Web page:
Beat down: My Dakine Split Roller
By: Joe Parkin
Photos: Anthony Smith
They say home is where the heart is. While I believe this to be true, I also know that for those of us who travel, house can oftentimes be a suitcase. In my case—having been a road warrior since I was in my late teens—my suitcases have often really been my houses, carrying my possessions all over the world.
Until recently, my favorite had been an old Samsonite Oyster, a hard-sided and simple suitcase that could really take a beating. I traveled throughout Europe with the Oyster for more than three years before bringing it back to the States and retiring it for a seemingly more-appropriate-for-a-bike-racer duffel bag. Big mistake. Not only was the Oyster much easier to organize, it was easier to handle, and had lasted longer than my peer-approved duffel would.
Enter the Dakine Split Roller: An almost perfect marriage of hard-sided sensibility and soft-sided stuff-ability, my Dakine Split Roller has been traveling and living with me since December of 2009. Dakine’s Split Roller zips open revealing a large, mesh panel-enclosed bottom half and three mesh panel-enclosed top half compartments.
The bottom half handles pants, shirts and even the odd suit jacket easily. But then again, the top half can do the same, save for the suit jacket. Since I live out of mine, I have one of the smaller zippered compartments stuffed full of socks, while the other houses an extra belt and toiletries. The larger middle section in the top half of the bag holds jeans and shirts. The bottom half has come to be home for my riding gear, hoodies, extra shoes and various other overflow items.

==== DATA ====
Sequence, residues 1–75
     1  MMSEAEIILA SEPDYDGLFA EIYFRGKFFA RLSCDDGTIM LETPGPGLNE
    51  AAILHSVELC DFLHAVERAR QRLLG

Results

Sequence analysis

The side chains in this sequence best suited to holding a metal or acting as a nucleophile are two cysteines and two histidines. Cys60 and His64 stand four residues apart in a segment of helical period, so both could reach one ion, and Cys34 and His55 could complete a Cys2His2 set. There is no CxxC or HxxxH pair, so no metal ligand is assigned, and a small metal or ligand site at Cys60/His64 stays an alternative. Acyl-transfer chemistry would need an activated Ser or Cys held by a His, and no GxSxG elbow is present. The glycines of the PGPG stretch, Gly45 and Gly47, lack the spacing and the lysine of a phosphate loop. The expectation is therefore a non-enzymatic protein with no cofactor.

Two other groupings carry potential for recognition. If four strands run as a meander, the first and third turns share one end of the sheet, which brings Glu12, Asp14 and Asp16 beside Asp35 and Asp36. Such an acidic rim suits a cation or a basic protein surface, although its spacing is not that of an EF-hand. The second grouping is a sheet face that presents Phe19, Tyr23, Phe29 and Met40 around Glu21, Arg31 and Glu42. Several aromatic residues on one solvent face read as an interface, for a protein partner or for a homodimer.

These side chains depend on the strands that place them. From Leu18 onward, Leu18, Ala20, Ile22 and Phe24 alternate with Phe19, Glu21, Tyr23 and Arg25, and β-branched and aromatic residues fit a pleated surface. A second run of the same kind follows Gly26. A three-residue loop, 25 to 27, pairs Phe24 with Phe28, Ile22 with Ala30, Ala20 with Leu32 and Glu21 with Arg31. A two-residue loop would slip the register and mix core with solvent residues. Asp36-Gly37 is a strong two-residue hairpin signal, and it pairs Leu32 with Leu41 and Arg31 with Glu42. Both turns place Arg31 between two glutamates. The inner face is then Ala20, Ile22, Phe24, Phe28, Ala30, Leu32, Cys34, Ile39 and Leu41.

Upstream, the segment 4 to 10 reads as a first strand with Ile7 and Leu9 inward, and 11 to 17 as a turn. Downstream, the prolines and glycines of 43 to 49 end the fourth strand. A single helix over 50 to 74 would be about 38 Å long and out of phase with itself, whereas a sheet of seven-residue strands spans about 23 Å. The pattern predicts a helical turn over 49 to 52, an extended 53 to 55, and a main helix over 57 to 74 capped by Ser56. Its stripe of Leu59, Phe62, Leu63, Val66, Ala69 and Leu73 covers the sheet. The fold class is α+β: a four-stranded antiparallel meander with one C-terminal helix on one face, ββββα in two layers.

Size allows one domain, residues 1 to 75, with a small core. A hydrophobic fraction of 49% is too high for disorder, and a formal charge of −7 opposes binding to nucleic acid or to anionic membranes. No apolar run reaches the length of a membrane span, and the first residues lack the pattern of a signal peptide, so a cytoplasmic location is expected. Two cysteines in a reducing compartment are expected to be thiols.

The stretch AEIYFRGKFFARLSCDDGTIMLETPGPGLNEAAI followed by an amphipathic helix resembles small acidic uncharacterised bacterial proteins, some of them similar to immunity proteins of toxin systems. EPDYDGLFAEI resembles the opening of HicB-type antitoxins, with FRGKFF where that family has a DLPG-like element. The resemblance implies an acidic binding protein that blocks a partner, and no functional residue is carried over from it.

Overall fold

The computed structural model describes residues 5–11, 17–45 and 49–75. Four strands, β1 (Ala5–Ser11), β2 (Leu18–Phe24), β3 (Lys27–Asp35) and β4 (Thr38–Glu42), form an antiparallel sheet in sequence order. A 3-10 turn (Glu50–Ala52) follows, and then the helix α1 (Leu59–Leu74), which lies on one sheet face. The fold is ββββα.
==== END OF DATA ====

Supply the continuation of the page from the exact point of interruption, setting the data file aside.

Since the first of February this year, I have used this suitcase almost every single day—seriously. It has been used and abused, tossed about and has been in more rental cars than most people will see in a decade or more. Its fabric and zippers have been stressed and stretched. Its handles and wheels have been thoroughly beaten, scuffed and neglected. It has even gotten lost a couple of times. And while a luggage test of just under a year may seem less than complete, consider the numbers:
40 or so flights between San Jose, California, and Orange County
4 trips to Seattle, Washington
3 trips to Europe
3 trips to Las Vegas, Nevada
3 trips to Bellingham, Washington
2 trips to Minneapolis, Minnesota
1 trip to Durango, Colorado
1 trip to Portland, Oregon
1 trip to Moab, Utah (including 4 days of camping)
1 trip to Augusta, Georgia
1 trip to Salt Lake City, Utah
and a few others I have surely forgotten
No, you can’t buy the one like I have anymore, since the good folks at Dakine have improved it. Check one out at: www.dakine.com
Bottom line: This is a well-built, thoughtfully designed and extremely versatile piece of luggage. If you travel even just two or three times per year you will be well served taking a look at one of these. Mine shows only minimal wear after nearly a year of hard use.
My advice: Choose one of the brighter fabric patterns—not only will you be able to easily identify your bag on the carousel, the idiot who won’t allow you to get close to the carousel will forever remember the color of the bag you, umm, accidentally drop on his foot.